Much has changed within Rouses Supermarkets over the last 57 years. When it first started out, at least 75% of sales in the stores were basic grocery items, Rouse says. Today, more than 50% of sales are in the fresh market side—the deli, produce, bakery and prepared foods sections.
“For us, our company changed strategies in the late ’90s,” he says. “We built our first epicurean-style store in Thibodaux in 1999.”
The stores continued to evolve, with new formats and culinary innovations. But even though the industry was changing, Rouses stayed true to its Louisiana roots and commitment to the local community—a legacy that lives on.
“Rouses leverages its position as a homegrown Louisiana company,” says Dudlicek of Progressive Grocer, “using good quality and service to endear itself to customers, many of whom are devoted, loyal shoppers who rally around their neighborhood store as ‘My Rouses.’”
Tim Acosta has worked for Rouses since the early 1980s and is the founder’s son-in-law. Today, as the marketing and advertising director, Acosta says he still remembers the principles instilled early on at Rouses: “Anthony Rouse Sr. always said best quality and best price. The customer is always right. The answer is ‘yes.”
TAKING THE CAPITAL REGION
By 2014, Rouses was in every major market across southeast Louisiana except one: The Capital Region. Thanks to the LeBlanc’s buyout, it now boasts more stores in the area than any other grocery store chain.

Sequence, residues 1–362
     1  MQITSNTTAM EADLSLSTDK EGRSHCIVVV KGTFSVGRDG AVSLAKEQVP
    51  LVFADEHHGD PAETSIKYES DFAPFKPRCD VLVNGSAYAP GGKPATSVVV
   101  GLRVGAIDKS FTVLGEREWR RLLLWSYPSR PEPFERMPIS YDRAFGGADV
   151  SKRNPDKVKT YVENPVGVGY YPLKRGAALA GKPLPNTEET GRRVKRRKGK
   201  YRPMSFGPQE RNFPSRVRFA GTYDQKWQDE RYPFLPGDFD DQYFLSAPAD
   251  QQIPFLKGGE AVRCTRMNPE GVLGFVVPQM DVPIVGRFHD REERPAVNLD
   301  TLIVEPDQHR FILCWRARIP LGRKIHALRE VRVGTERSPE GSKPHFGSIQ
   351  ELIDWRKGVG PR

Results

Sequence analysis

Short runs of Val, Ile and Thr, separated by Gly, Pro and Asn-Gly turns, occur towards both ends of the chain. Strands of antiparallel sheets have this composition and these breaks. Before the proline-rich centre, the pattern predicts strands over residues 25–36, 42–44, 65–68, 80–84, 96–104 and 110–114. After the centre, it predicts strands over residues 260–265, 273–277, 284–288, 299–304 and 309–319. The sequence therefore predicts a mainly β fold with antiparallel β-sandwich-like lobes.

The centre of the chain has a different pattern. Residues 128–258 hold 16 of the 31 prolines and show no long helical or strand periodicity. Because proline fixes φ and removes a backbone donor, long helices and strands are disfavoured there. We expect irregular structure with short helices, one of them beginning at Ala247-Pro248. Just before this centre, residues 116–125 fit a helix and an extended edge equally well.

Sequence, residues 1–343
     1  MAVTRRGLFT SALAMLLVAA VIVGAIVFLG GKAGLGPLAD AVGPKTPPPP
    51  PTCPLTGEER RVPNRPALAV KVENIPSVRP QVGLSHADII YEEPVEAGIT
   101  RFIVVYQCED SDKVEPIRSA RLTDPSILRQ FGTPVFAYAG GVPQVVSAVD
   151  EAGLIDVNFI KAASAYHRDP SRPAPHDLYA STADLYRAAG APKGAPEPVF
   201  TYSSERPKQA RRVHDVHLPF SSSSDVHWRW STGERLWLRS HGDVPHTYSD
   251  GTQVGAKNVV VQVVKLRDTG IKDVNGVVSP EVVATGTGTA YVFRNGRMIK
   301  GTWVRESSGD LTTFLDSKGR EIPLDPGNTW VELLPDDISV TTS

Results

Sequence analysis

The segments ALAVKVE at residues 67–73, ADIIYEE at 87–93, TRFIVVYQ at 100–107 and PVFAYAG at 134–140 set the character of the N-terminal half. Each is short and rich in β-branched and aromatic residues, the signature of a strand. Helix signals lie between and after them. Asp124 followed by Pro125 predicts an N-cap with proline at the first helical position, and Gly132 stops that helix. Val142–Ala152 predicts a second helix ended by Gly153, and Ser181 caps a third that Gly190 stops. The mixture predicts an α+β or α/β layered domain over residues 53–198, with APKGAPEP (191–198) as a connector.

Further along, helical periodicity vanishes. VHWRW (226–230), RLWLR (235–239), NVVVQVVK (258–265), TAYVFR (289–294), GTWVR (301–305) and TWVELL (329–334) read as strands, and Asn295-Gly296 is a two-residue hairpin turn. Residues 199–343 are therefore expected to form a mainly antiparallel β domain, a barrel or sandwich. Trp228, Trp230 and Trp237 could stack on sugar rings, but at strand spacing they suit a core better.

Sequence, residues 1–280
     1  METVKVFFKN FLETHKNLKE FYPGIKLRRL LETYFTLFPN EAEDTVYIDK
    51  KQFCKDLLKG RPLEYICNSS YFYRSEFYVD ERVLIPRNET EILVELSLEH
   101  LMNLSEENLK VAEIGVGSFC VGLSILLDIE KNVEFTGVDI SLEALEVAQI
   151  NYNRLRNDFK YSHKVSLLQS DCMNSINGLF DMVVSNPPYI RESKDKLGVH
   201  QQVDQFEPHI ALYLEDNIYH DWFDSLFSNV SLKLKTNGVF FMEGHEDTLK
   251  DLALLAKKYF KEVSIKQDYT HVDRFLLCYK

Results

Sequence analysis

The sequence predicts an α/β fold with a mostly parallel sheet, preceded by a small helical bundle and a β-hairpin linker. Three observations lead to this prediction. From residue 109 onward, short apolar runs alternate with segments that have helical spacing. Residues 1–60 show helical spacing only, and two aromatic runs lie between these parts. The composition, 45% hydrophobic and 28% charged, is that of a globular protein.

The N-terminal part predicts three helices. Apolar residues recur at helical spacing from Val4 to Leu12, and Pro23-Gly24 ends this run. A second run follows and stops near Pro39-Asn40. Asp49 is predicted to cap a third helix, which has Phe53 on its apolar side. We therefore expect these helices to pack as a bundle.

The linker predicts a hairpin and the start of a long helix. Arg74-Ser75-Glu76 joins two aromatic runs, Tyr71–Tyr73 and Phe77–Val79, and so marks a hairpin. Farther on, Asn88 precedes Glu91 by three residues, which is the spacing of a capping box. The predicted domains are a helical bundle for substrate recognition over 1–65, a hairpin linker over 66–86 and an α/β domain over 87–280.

Similar to Rouses, LeBlanc’s was a family-owned business with a history dating back to 1961. It operated nine stores: two in Gonzales and one each in Prairieville, Baton Rouge, Zachary, Donaldsonville, Plaquemine, Plattenville and Hammond.
Randy LeBlanc, who owned the business with his brother Marcy, told Daily Report in October the Rouses deal came at the right time and was just too good to pass up. LeBlanc, a third-generation owner, said he had been planning an exit strategy for a few years. He even talked to his brother Marcy about buying him out, but it didn’t work out.
For now, neither the Rouses nor the LeBlancs are interested in discussing the deal in any great detail. Both Randy and Marcy LeBlanc declined any further comment on the buyout for this story. Rouses also declined interview requests with fourth-generation LeBlanc family members who joined the Rouses team after the sale.